Anything but average: Not your grandparents’ pets

Meet some of the most unusual animal friends living in East Dallas

Animals have an amazing way of enriching our lives, whether they be the traditional cat or dog, or something less conventionally cute, like a tarantula. Highlighted here are the critters who many might think twice before letting in their house, but these neighbors say they are just as full of love as any four- (or two, or eight) legged friend. Also included is the winner of the Advocate Pet Contest, selected by readers from dozens of entries submitted this year.

The menagerie

Cali the hedgehog strikes a pose (Photo by Danny Fulgencio)

What lives in Old Lake Highlands and has 12 legs, long ears, a spiky back and a sack of skin that puffs up like a beard?

It isn’t a mysterious lake monster, but three of Sonay and Colt Baker’s pets. Their rabbit, bearded dragon and hedgehog make for quite the diverse household.

Sonay is a pet photographer and former zookeeper, but Colt is the one who researches how to care for this unique herd.

Their rabbit, Henry, has free range of the house much like an indoor cat, though he is more likely to gnaw through the coffee table than your average feline. Thankfully, this bunny is litterbox trained and gets along swimmingly with his three canine companions. Henry has starred in many an Easter portrait alongside neighborhood children, and isn’t scared to hop in your lap and snuggle up. That isn’t to say he can’t spook an unsuspecting victim, as his blood red eyes on his white fur are reminiscent of Bunnicula the vampire rabbit.

Cali, the hedgehog, hates to be out of his cage, his safe space. He makes a snorting sound that would be terrifying if he wasn’t 8-inches long. He retreats into a spiky ball when he feels threatened, and in nature, hedgehogs actually do roll down termite mounds in a ball like Sonic from the video game. Cali loves to go for night runs, when her exercise wheel can be heard squeaking through the house.

The bearded dragon gets its name from a sack of skin that is a darker color below the reptile’s mouth, looking like a beard as he puffs it up when he senses danger. The Bakers say that these lizards are great for children because they don’t have teeth, and their own little dragon, Maui, is relaxed enough to ride around on your shoulder.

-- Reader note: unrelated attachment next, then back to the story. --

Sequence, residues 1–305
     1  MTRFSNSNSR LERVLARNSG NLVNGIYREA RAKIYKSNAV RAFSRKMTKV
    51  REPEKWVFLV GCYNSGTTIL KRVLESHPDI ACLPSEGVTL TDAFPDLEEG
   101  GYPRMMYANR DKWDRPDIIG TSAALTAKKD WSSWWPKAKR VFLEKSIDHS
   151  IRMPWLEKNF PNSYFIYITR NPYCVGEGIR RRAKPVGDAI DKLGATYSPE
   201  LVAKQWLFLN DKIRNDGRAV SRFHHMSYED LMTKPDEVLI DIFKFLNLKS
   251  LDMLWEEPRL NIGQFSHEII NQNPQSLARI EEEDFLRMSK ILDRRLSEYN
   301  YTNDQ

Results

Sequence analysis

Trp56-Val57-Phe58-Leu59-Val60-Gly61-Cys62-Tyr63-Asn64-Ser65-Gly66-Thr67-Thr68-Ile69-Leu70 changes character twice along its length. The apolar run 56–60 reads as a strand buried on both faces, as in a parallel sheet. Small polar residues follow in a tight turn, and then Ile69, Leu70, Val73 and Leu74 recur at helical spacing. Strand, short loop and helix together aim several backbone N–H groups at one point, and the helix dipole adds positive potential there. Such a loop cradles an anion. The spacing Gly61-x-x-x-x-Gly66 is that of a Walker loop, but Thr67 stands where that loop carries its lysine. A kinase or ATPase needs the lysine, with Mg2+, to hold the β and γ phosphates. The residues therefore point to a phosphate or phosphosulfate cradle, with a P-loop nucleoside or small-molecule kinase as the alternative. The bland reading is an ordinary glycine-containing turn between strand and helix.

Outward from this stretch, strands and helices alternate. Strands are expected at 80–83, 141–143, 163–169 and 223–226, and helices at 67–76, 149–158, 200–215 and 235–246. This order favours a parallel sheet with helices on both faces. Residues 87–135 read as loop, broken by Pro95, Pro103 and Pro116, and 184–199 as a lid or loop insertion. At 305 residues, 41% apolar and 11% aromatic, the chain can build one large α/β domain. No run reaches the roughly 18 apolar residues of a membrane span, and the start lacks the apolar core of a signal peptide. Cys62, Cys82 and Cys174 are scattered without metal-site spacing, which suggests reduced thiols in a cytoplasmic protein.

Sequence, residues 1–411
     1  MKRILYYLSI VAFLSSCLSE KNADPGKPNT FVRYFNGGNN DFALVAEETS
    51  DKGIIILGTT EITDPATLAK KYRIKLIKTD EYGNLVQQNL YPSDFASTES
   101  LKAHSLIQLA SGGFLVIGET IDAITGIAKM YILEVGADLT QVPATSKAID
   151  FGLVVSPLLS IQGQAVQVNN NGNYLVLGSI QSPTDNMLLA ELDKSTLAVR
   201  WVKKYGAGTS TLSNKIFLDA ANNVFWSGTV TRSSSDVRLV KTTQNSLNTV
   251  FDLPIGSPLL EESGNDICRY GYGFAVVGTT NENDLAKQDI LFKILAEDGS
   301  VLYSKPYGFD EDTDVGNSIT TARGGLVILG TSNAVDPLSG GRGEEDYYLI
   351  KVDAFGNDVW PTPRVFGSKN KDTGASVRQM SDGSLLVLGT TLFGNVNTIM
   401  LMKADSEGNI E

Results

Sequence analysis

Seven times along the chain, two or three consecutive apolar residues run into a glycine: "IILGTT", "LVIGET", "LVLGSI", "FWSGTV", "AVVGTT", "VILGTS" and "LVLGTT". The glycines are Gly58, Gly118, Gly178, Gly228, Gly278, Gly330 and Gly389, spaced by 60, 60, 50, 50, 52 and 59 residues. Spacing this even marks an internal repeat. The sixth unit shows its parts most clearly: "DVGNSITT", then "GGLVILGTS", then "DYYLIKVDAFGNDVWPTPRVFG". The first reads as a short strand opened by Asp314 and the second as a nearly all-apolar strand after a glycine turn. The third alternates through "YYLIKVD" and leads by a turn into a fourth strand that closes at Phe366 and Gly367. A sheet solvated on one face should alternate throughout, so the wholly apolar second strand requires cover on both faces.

It will come as no surprise to anyone that Colt grew up training horses while Sonay’s mother was certified to rehab raccoons and possums at her childhood home. Zoos are a staple of the Bakers’ vacations these days, where Sonay uses her connections to get behind the scenes for up-close animal encounters.

“It’s how I knew we were a good fit,” Sonny said of Colt. “We have a lot of love to give.”

Wallace to the rescue

Sonay Baker’s love for animals goes deeper than most. Her dog Wallace once saved her from a home intruder. A man walked into her open garage and up to her kitchen door when Wallace started barking. Baker turned as the man asked, “Is this the open house?” There was no open house. Wallace, sensing the danger, attempted to bite the man, and as the intruder jumped back and kicked the fur ball, Baker was able to shut and lock the door. Wallace was fine, but later that week, Baker received notice that a woman had been attacked at her complex that week by a man of the same description.

House of cluck

Lucky and Blanca are Bantam chickens that enjoy indoor privileges. (Photo by Danny Fulgencio)

Lucky the chicken was a feather’s width from becoming garbage. When the rest of her siblings hatched, her egg remained unbroken, so Laura Birdwell-Meyeres threw her in the trashcan with the rest of the unhatched shells.

Later that day, she heard a chirping in the garage while doing laundry and assumed it was the other baby chicks down the hall. When she left the garage and could no longer hear the small sound, she rushed to the can and rifled through garbage to unearth a lightly chirping egg.

Birdwell-Meyeres eventually peeled back the shell to find a small chick, somewhat bewildered. “If you stay alive I promise not to give you away,” she told the chick.

Lucky is a Serama, a smooth-feathered chicken in the Bantam category, who lives alongside three other Bantams in the back yard including another Serama named Olive. Millie is the Mille Fleur d-Uccle chicken, which looks like it has misplaced feathers on its feet. Blanca is the Serama Frizzle, distinctive by her permanent bed-head style.

Raising Lucky and the other Bantams has become a family affair, as the chickens now join the family on the couch for movies. “The kids have learned great responsibility and many lessons about life and death,” says Birdwell-Meyeres. “All the work is worth it for the kids.”

The Bantams have assumed normal pet roles around the Casa Linda house. They sleep inside the house, and as afternoons turn into evenings, they tap the window as they wait to be invited inside.